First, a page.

04 June 2020

William Cousins

This return benefited from a combination of an uncommon surname and a regional town making narrowing down the family I was looking for relativity easy. 
This British War Medal was awarded to 2125 William Stanley Cousins. He is listed as being posted to 1st Battalion, AIF as well as 1st Australian Light Railway Operating Company. It would have been interesting to see the medal named to a railway unit. 
I received the medal the other day and it took a little while to work out that after WWI, William married but was divorced not long after. They didn't have any children. There weren't many public records available other than a few electoral roll entries. However, the search opened up once I found his funeral notice which I've added below. The key was the name of William's sister, Mrs R Leslight. This turned out to be Dorothy Leslight, nee Cousins. This information aligned with a letter from Dorothy to the Army in 1968 applying for the Anzac Medallion. The letter also stated that Dorothy was William's next of kin.William had died in 1948.
Dorothy lived in Murwillumbah and a quick check of her surname and this town in the White Pages led me to the correct family. As it turns out the family member I spoke to has, over the years, collected up other medals awarded to members of this family. Now William's BWM will be added to the collection.     
William's nickname was Nugget, I wonder why?
Thanks to Christopher W who sent me the medal.
The returned medal tally is now 2480.

31 May 2020

H E Miller

When I started this search I had to think hard about which soldier I was looking at. I only recently received the WWI Victory Medal awarded to 1073 Henry Ernest Miller. When I searched his name the first result I got was for a 2010 story from my own blog. This was not for the current search but for 3387 Henry Ernst Miller
Once I sorted out my own confusion I looked at some other resources and found 1073 Henry on an Ancestry family tree. My message to the tree owner was answered very promptly and she is 1073 Henry's daughter. The search took less than 20 minutes.
This medal was found on a road in Frankston, Victoria. As can be seen in the photos the medal was had a tough life. It looks like it has been run over a mower on several occasions.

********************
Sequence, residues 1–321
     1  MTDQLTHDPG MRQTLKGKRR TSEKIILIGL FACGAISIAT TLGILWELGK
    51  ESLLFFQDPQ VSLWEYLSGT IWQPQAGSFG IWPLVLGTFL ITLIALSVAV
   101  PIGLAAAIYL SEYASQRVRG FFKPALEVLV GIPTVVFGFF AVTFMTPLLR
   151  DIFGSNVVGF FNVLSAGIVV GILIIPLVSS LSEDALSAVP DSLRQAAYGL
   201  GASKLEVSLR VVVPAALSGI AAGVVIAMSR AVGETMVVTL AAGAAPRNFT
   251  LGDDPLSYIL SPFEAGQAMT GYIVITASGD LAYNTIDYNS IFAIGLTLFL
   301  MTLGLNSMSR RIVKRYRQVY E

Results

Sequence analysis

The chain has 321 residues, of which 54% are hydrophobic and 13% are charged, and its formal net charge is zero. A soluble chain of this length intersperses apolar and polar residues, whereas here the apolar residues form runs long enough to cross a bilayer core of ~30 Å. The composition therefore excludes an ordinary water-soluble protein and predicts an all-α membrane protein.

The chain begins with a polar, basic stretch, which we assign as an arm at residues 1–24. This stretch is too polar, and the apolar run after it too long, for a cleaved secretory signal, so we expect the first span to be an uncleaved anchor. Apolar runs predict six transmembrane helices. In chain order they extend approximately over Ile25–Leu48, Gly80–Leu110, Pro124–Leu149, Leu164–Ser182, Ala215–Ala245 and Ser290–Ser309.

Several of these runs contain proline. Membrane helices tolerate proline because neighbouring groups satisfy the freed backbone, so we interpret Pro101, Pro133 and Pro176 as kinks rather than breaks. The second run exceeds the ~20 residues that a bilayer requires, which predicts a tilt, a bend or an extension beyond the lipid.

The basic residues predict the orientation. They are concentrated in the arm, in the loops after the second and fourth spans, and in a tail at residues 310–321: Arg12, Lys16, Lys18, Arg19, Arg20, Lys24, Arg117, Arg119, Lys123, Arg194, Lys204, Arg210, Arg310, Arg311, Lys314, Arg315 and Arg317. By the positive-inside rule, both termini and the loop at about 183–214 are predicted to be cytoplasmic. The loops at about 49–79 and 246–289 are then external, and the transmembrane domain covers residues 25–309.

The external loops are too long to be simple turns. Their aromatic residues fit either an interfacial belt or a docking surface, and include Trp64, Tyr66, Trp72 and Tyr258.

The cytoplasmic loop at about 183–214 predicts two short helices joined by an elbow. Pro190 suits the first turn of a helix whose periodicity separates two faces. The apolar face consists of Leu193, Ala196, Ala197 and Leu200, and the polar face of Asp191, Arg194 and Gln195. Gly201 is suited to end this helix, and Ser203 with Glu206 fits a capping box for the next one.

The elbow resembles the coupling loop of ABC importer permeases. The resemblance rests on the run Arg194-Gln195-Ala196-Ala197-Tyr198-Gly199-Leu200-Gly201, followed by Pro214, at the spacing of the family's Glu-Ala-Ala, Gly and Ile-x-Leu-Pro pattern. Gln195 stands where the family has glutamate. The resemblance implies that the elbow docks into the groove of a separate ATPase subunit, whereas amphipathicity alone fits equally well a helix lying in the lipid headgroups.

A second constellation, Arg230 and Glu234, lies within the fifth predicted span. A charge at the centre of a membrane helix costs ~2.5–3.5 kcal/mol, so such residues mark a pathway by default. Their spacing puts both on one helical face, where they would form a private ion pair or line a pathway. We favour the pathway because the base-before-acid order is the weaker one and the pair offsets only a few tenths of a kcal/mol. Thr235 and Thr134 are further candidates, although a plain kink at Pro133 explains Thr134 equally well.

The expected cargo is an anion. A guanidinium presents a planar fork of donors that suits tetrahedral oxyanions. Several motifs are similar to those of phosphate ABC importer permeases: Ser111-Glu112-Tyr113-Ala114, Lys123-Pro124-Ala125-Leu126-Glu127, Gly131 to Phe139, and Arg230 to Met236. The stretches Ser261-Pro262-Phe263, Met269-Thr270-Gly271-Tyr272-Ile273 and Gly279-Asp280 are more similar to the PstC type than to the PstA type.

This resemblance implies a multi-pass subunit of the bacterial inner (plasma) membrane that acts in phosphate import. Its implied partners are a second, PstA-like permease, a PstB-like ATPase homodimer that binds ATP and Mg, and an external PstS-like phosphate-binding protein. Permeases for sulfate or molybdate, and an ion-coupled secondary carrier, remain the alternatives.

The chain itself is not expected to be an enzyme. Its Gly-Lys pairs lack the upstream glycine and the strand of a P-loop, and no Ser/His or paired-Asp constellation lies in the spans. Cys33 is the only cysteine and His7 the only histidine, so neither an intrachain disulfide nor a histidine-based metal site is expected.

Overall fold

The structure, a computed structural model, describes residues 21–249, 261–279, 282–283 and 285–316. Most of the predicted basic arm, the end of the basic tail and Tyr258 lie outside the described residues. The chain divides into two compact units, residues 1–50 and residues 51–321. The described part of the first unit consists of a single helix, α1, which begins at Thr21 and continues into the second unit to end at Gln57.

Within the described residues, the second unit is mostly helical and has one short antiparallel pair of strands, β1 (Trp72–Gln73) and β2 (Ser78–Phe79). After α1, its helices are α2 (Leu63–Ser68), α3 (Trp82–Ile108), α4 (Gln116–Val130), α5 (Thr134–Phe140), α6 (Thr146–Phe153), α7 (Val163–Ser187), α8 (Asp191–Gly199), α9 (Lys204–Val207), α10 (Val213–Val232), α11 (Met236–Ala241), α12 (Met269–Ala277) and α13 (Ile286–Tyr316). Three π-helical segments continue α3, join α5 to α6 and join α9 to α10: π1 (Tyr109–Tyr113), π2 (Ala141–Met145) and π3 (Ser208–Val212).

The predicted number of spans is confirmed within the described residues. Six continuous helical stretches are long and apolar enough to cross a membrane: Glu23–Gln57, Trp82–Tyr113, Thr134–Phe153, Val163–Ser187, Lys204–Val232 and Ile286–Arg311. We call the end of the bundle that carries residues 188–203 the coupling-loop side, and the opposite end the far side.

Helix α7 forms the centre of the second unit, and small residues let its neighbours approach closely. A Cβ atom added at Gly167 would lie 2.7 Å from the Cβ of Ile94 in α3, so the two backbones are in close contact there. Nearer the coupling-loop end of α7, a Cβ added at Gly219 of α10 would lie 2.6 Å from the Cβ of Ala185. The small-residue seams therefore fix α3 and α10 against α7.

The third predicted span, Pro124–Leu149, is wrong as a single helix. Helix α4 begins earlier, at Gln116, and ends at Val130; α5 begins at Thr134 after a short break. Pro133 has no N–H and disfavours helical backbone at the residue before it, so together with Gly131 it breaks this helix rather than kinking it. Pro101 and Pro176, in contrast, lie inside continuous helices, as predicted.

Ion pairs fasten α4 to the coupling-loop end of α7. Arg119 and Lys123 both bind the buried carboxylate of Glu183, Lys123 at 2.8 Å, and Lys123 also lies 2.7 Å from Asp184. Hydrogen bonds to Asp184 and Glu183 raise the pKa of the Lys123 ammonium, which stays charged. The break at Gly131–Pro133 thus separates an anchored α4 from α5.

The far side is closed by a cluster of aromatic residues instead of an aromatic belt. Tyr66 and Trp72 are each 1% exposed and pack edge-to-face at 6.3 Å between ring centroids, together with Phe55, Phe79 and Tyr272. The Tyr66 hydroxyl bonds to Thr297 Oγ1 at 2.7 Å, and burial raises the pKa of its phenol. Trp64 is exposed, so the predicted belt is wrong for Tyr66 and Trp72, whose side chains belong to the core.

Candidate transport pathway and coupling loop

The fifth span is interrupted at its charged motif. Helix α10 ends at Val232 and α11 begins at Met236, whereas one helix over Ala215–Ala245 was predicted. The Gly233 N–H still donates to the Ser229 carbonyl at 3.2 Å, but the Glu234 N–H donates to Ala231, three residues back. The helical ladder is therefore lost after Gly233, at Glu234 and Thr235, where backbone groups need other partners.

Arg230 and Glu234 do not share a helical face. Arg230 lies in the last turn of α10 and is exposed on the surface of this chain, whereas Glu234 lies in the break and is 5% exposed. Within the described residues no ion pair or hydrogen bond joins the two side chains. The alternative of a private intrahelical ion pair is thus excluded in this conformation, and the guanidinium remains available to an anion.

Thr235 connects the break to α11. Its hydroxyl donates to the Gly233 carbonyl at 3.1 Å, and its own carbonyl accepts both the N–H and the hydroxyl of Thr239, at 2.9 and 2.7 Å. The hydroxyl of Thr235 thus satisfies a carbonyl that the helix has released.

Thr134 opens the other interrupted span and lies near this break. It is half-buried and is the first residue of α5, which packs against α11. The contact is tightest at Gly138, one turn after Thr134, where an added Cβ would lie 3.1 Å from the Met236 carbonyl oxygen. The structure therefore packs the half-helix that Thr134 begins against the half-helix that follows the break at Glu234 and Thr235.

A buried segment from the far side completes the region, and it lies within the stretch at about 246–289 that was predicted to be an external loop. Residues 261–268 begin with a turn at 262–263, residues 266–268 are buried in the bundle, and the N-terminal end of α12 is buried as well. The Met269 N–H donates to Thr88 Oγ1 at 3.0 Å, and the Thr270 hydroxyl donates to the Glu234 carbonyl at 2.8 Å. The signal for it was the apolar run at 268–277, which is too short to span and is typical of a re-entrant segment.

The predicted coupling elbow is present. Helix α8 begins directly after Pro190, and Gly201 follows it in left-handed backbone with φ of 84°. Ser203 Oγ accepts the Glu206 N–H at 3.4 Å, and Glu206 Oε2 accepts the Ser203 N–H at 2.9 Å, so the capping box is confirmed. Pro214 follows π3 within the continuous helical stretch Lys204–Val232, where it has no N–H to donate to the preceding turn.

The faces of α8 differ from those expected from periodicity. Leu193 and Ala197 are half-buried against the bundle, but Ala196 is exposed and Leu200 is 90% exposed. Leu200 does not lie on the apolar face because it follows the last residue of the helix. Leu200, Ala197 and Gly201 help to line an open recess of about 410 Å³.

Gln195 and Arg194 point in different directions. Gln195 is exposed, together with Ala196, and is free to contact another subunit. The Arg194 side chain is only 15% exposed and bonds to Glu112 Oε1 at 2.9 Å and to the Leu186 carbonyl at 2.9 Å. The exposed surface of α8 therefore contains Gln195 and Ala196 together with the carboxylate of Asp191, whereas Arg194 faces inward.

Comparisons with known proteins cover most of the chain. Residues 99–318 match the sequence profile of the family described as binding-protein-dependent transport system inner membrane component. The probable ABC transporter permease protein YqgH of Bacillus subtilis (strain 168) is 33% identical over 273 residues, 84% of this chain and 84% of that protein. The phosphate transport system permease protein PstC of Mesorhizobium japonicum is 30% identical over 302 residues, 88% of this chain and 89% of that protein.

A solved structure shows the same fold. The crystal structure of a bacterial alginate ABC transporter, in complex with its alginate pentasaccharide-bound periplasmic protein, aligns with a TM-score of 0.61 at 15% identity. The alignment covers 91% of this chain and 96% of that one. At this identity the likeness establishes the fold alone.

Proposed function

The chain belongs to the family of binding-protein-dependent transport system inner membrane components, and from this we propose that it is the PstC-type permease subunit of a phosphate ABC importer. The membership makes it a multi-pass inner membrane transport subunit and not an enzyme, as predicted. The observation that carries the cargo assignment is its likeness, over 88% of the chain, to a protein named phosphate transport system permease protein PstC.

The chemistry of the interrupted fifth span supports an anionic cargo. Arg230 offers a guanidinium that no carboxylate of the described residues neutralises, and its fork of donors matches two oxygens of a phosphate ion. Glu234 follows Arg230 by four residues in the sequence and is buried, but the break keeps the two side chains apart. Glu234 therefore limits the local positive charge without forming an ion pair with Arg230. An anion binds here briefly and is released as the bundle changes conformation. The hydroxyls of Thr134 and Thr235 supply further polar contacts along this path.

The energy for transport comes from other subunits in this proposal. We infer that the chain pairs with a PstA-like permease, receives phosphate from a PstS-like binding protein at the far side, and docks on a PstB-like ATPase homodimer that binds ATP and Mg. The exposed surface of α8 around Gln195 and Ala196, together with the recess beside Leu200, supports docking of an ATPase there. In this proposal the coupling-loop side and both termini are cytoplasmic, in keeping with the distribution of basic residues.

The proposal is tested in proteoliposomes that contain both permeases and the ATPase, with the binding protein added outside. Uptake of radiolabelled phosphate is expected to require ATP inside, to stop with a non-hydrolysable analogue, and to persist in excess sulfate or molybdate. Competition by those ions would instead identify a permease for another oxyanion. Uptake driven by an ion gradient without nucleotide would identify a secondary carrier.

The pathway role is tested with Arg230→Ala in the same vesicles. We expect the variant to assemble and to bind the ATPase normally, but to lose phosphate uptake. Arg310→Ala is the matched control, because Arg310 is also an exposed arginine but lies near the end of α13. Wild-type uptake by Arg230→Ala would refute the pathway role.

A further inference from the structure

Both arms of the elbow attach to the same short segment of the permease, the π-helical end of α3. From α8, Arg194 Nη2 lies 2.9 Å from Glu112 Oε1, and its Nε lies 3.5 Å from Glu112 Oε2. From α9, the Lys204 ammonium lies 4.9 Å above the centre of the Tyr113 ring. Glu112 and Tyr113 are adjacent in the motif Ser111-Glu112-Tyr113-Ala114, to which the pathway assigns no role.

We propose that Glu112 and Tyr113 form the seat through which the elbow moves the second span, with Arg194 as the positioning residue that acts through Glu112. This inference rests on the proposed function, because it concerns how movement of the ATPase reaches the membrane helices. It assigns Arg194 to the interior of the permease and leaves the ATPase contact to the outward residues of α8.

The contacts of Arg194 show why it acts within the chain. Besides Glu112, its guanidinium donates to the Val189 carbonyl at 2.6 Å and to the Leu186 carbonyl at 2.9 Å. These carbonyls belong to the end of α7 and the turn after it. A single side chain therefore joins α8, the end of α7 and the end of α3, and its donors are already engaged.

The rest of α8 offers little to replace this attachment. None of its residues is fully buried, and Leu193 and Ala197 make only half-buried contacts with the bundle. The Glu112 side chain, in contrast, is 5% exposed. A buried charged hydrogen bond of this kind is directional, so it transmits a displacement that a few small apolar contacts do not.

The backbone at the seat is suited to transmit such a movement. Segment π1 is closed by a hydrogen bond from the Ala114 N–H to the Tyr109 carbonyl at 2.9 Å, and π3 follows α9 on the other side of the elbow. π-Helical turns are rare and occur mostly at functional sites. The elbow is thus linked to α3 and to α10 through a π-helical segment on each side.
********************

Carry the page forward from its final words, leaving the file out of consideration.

Thanks to Emily S who sent the medal to me.
The returned medal tally is now 2479.
A portrait of Henry taken during WWI.


This search was quite easy and was resolved within an hour of commencement. However, what it did open up to me was many hours of family research that had been done on NX8038 Neil Fisher Henderson.
I received three WWII medals awarded to Neil from the Directorate of Honours and Awards and commenced the search yesterday afternoon. Neil was a Lance Sergeant in 2/33 Battalion. He was killed in action on 23 June 1941 and is buried in the Commonwealth War Cemetery Damascus, Syria. 
Neil was the son of Harry Morphett Henderson and Elizabeth. From Harry's death notice I found the name of his other son which was Jack Morphett Henderson. Then from Jack's death notice the name's of his sons: William, Robert and James. It didn't surprise me that William's second name was Morphett. William died in 2019. His death notice gave me his widow's name and I was able to find her number in the White Pages. We had a lovely conversation and I was provided the contact details for Neil's nephew, James (Jim). 
After speaking to Jim I was given access to an extensive file that records Neil's service. This was compiled by another of Neil's nephews. I've spent the morning reading a transcript of the diary that Neil kept. It is a typical record of the mundane life of a soldier and completely fascinating. The rerun of these medals are going to add to the family archive.
Thanks once again to Donna from the Directorate of Honours and Awards for trusting me to complete this search and to Jim (and Hugh) for all the extra information on Neil.
The returned medal tally is now 2478

30 May 2020

More assistance to the WA Police Force

This search started with a referral from my friend Sandra in WA. She saw a social media post looking for the family of a medal which was handed in to the Port Headland Police Station after Anzac Day. The medal was awarded to WX13350 William Edward Kearns. The search was quite easy and it took about 20 minutes to locate the name of William's great grandson. I've connected him with the Police Officer from Port Headland to let them arrange the return.
Thanks for the referral Sandra.
The returned medal tally is now 2475.

24 May 2020

WWI Royal Artillery KIA

Searches involving medals awarded to British soldiers can be a little problematic. The main issue is the lack of service records available online. Many were lost during WWII as a result of the Blitz.
When a service record is accessible, the search becomes so much easier. These records contain the name of the next of kin, their address as well as the names of any children. This provides a great starting point. This particular search benefited from having a complete service record available.
My part in the travels of this British War Medal commenced with the arrival of a package from the Directorate of Honours and Awards. The Honours and Awards staff had received three WWI medals from the NSW Police Liverpool station but where they came from before that is unknown to me. One of the medals is the BWM awarded to 103269 Gunner Albert Stanley Christian, Royal Garrison Artillery.